To the annoyance of some shareholders, SKYCITY Entertainment Group (NZSE:SKC) shares are down a considerable 35% in the last month. That drop has capped off a tough year for shareholders, with the share price down 39% in that time.
Assuming nothing else has changed, a lower share price makes a stock more attractive to potential buyers. In the long term, share prices tend to follow earnings per share, but in the short term prices bounce around in response to short term factors (which are not always obvious). The implication here is that long term investors have an opportunity when expectations of a company are too low. One way to gauge market expectations of a stock is to look at its Price to Earnings Ratio (PE Ratio). A high P/E implies that investors have high expectations of what a company can achieve compared to a company with a low P/E ratio.
Does SKYCITY Entertainment Group Have A Relatively High Or Low P/E For Its Industry?
SKYCITY Entertainment Group's P/E of 3.78 indicates relatively low sentiment towards the stock. We can see in the image below that the average P/E (16.2) for companies in the hospitality industry is higher than SKYCITY Entertainment Group's P/E.
Its relatively low P/E ratio indicates that SKYCITY Entertainment Group shareholders think it will struggle to do as well as other companies in its industry classification. Many investors like to buy stocks when the market is pessimistic about their prospects. It is arguably worth checking if insiders are buying shares, because that might imply they believe the stock is undervalued.
How Growth Rates Impact P/E Ratios
Earnings growth rates have a big influence on P/E ratios. That's because companies that grow earnings per share quickly will rapidly increase the 'E' in the equation. Therefore, even if you pay a high multiple of earnings now, that multiple will become lower in the future. A lower P/E should indicate the stock is cheap relative to others -- and that may attract buyers.
SKYCITY Entertainment Group's earnings made like a rocket, taking off 196% last year. The sweetener is that the annual five year growth rate of 32% is also impressive. So I'd be surprised if the P/E ratio was not above average.
A Limitation: P/E Ratios Ignore Debt and Cash In The Bank
One drawback of using a P/E ratio is that it considers market capitalization, but not the balance sheet. Thus, the metric does not reflect cash or debt held by the company. The exact same company would hypothetically deserve a higher P/E ratio if it had a strong balance sheet, than if it had a weak one with lots of debt, because a cashed up company can spend on growth.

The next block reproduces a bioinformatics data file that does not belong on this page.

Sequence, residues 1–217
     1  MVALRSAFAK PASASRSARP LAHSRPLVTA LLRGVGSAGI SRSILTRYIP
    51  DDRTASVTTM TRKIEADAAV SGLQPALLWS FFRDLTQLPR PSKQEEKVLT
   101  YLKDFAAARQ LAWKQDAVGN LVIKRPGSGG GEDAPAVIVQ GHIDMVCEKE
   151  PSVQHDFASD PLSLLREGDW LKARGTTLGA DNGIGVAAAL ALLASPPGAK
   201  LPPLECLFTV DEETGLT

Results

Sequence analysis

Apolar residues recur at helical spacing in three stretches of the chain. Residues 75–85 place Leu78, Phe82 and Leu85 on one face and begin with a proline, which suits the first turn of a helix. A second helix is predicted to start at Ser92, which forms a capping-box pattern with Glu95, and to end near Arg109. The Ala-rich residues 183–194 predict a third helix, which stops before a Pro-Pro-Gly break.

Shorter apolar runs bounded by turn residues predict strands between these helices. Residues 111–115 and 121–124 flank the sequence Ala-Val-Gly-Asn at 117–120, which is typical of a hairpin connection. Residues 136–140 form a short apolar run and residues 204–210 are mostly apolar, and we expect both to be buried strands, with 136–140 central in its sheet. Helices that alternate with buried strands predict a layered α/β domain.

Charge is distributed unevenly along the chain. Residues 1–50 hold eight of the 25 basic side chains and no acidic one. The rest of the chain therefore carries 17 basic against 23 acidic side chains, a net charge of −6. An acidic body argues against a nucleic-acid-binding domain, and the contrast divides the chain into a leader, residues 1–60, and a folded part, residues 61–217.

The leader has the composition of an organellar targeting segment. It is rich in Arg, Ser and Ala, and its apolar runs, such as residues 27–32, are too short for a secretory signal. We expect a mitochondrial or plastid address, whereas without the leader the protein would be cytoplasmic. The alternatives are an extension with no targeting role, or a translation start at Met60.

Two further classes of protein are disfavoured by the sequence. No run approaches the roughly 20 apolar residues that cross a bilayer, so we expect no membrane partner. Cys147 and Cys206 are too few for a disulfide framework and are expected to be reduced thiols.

Such spending might be good or bad, overall, but the key point here is that you need to look at debt to understand the P/E ratio in context.
SKYCITY Entertainment Group's Balance Sheet
Net debt is 33% of SKYCITY Entertainment Group's market cap. While it's worth keeping this in mind, it isn't a worry.
The Verdict On SKYCITY Entertainment Group's P/E Ratio
SKYCITY Entertainment Group has a P/E of 3.8. That's below the average in the NZ market, which is 17.0. The company hasn't stretched its balance sheet, and earnings growth was good last year. If it continues to grow, then the current low P/E may prove to be unjustified. What can be absolutely certain is that the market has become more pessimistic about SKYCITY Entertainment Group over the last month, with the P/E ratio falling from 5.9 back then to 3.8 today. For those who prefer to invest with the flow of momentum, that might be a bad sign, but for deep value investors this stock might justify some research.
Investors have an opportunity when market expectations about a stock are wrong. If it is underestimating a company, investors can make money by buying and holding the shares until the market corrects itself. So this free visualization of the analyst consensus on future earnings could help you make the right decision about whether to buy, sell, or hold.
Of course you might be able to find a better stock than SKYCITY Entertainment Group. So you may wish to see this free collection of other companies that have grown earnings strongly.
If you spot an error that warrants correction, please contact the editor at email@example.com. This article by Simply Wall St is general in nature. It does not constitute a recommendation to buy or sell any stock, and does not take account of your objectives, or your financial situation. Simply Wall St has no position in the stocks mentioned.
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